I spent the entire day going up and down the street looking for you, asking if anyone had seen you or knew where purple finch mothers go.  I even started talking to the jays and squirrels, who, if you can imagine, wanted to know what it was worth to me (the indignation).  In the mean time, your five little babies were hollering for food and some fanning, and making me very anxious.  I paced, I sang, I did magic tricks, I told them bird jokes, and I even pretended I was the Blue Bird of Paradise. But they only grew more and more anxious--we all did, in fact. And I was on the verge of calling the missing mother bird hotline (1-800-Bir-Dmom) when you casually reappeared in the bubble, looking a little bit finchy and feathered out, as if you had not a care in the world.  Of course we were immediately relieved that you returned safe and unharmed, but now that things have settled down, it's time to get something straight.

Do not go missing like that again.  Between the dogs, the jobs, and the kids, my own nest is a-hoppin'.  And besides, I don't know the first thing about teaching your babies to fly or finding worms.  My own kids won't eat my cooking and I'm pretty sure yours won't eat it either.  But Mother Finch, listen to me.  It seems like they'll be there f-o-r-e-v-e-r.  You think that no matter what, they'll be right there, mouths always open about something.

But they won't be.  That day's coming soon, Mama.  Suddenly, very suddenly, they will be ready to go.  You don't want to miss a single day. You'll be very glad you stuck around.

Trust me on that.  And trust me on this:  I don't bird sit.

Tuesday, May 4, 2010

April Fooled Me

I know we had April, because my accountant made several appearances and that's his favorite month.  But I seemed to get lost in these woods for the last several weeks.  Worry not, I was fine.  I had Otis with me for much of it and we walked our way from March's madness to the warmth of May.

We began each day with a very private and quiet walk along the pond where we were tiny souls among the large white pines.  The ground was covered in dried pine needles and so even we couldn't hear ourselves coming.  No one was awake in the wee hours, not even the pond.  On this particular morning we stopped awhile and looked out into the nothingness of the fog.  It was as though the bank was right where the edge of the world stopped and the edge of the universe began.  We could see nothing beyond that point and our eyes couldn't penetrate its depth.  Even Otis paused to pay reverence to the stillness. We walked along together, Otis with his leash slack which, if you know him at all, doesn't happen too often.  This became our morning ritual.

And while we were out there I would earnestly say to myself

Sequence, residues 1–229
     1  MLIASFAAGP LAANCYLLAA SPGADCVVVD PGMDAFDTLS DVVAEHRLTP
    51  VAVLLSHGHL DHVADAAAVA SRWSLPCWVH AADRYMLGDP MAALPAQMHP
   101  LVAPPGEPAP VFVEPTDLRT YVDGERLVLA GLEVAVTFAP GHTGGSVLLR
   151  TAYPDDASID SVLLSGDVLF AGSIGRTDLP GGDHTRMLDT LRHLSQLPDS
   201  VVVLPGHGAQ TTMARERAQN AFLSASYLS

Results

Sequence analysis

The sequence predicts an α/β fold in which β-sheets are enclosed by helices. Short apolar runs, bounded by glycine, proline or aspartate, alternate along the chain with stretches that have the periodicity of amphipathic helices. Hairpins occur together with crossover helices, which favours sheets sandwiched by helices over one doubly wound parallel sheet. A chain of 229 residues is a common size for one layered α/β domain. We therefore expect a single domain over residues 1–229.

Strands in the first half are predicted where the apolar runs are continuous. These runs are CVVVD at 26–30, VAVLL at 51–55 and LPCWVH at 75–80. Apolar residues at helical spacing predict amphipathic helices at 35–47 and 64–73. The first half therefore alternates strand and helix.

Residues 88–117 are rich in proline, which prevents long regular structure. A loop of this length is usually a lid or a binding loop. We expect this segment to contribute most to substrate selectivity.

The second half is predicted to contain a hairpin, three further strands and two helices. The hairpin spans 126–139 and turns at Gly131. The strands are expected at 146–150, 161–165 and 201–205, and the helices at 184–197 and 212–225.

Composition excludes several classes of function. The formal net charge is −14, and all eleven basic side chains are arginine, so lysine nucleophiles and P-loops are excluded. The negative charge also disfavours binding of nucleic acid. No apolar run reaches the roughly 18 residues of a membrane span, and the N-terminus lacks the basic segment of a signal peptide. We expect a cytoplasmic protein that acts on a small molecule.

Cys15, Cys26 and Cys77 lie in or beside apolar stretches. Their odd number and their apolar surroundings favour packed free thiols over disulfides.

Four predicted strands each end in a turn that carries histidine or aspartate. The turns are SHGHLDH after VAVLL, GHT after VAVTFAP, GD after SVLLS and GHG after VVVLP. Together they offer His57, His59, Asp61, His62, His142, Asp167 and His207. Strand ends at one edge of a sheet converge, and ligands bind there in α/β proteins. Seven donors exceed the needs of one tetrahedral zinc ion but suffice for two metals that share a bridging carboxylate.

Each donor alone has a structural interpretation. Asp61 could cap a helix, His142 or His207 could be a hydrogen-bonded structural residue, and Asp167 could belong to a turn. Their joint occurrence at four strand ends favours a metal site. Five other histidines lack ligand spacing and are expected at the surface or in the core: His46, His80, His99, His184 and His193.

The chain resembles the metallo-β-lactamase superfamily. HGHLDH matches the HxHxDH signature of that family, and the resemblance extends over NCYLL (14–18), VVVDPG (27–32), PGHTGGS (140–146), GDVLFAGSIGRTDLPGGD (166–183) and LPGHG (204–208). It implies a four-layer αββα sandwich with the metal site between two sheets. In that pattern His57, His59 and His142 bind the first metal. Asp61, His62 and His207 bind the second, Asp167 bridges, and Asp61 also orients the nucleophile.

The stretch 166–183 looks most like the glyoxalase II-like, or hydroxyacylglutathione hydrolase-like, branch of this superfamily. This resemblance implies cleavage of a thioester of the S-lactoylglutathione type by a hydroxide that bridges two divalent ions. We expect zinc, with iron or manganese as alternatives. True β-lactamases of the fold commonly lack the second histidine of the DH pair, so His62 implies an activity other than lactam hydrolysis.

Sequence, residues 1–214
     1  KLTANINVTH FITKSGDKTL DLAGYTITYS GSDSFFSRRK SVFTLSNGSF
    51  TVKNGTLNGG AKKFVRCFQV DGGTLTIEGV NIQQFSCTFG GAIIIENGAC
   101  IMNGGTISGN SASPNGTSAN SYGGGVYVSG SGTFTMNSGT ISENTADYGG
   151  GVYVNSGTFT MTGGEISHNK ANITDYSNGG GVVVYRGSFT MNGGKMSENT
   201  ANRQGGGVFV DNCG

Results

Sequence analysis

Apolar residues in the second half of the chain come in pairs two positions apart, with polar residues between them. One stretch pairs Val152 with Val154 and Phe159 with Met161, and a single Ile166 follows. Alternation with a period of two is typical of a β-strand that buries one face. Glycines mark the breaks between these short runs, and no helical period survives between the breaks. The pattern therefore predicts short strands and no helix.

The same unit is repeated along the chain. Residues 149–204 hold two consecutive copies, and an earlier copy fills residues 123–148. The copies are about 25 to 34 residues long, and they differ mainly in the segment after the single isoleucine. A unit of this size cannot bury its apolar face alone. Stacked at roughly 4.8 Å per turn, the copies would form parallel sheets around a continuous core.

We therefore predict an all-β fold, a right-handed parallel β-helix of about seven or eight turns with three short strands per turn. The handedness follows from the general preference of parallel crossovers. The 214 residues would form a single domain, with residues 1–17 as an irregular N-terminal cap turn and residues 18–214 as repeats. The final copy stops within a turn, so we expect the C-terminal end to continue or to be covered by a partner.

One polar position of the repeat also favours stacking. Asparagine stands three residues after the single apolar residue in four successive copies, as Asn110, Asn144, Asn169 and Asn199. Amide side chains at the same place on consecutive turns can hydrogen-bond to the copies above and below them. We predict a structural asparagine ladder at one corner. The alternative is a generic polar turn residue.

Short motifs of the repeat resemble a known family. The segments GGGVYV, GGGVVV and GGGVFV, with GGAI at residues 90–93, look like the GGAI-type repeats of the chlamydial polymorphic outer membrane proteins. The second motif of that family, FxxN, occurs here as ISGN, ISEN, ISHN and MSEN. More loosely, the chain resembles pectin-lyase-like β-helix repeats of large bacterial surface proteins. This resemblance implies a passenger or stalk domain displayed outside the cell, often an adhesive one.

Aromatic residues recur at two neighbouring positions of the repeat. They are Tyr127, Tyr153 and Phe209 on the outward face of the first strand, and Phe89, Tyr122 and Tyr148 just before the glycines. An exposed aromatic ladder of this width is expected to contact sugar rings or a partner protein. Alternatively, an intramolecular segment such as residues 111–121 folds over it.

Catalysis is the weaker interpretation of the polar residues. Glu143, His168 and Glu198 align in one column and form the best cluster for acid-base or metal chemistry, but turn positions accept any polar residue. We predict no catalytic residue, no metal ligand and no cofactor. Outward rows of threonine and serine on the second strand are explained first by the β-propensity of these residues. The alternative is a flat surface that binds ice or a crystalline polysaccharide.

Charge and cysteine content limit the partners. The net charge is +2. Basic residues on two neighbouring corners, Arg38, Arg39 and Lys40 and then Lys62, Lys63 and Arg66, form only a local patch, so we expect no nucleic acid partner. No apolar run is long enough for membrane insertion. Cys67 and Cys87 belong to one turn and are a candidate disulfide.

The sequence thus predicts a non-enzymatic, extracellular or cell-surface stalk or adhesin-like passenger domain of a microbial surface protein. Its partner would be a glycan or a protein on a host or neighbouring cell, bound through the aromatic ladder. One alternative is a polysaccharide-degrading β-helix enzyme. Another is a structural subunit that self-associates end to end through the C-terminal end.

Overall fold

And then later in the day I'd earnestly say


And then tomorrow would come and I'd earnestly say

"I don't remember how".

And the more I did this, the more daunting became The Verge.  Finally I made a deal with myself to write one thing--just one little thing--before April ended.  Simple.  I could do that.  I felt relieved by the plan. Well, that's exactly what I thought I was doing today--making good on my promise to myself-- but to my shock, I see that April slipped away while I was busy thinking about it.

The Verge posts that you haven't read because they didn't make it to the keyboard include:

  • House Hits the Market
  • Dumpster Diva-hood:  Turning That Useless Junk into Useless Garbage
  • The Benefits of Having Oil in Your Recalled Toyota
  • Puttin' on the Pink Slip
  • Septic Systems and How Much You'll Pay
  • The Divas Do Shay's
  • Nice Walmart People Who Don't Steal Your Wallet When You Accidentally Leave It There
  • Backing the Recalled Toyota Really Hard into Agway (at least it had oil)
  • Backing the Recalled Toyota Really Fast into PB's car (at least it had oil)
  • Making Friends with Scrap Metal Experts
  • See Libby Stroke!
  • Sara Heads to Brighton
  • Meredith:  Excuse Me, But Just When Exactly Did You Grow Up, Kid?
But for today, I've met my goal.  I have broken the ice once again.  Time is going by too fast to think about where it's going.  Otis, Boo, and Millie were constant companions in April, along with the regulars.  They rolled with time, while I just rolled. But I noticed something in that April roll.  It revealed itself to me on the last day of April.  At one end of my day was a family memorial service where I saw again the fog of the unknown beyond the world's edge.  And at the other end of my day was Meredith's prom, where in her eyes I saw where the edge of the universe begins.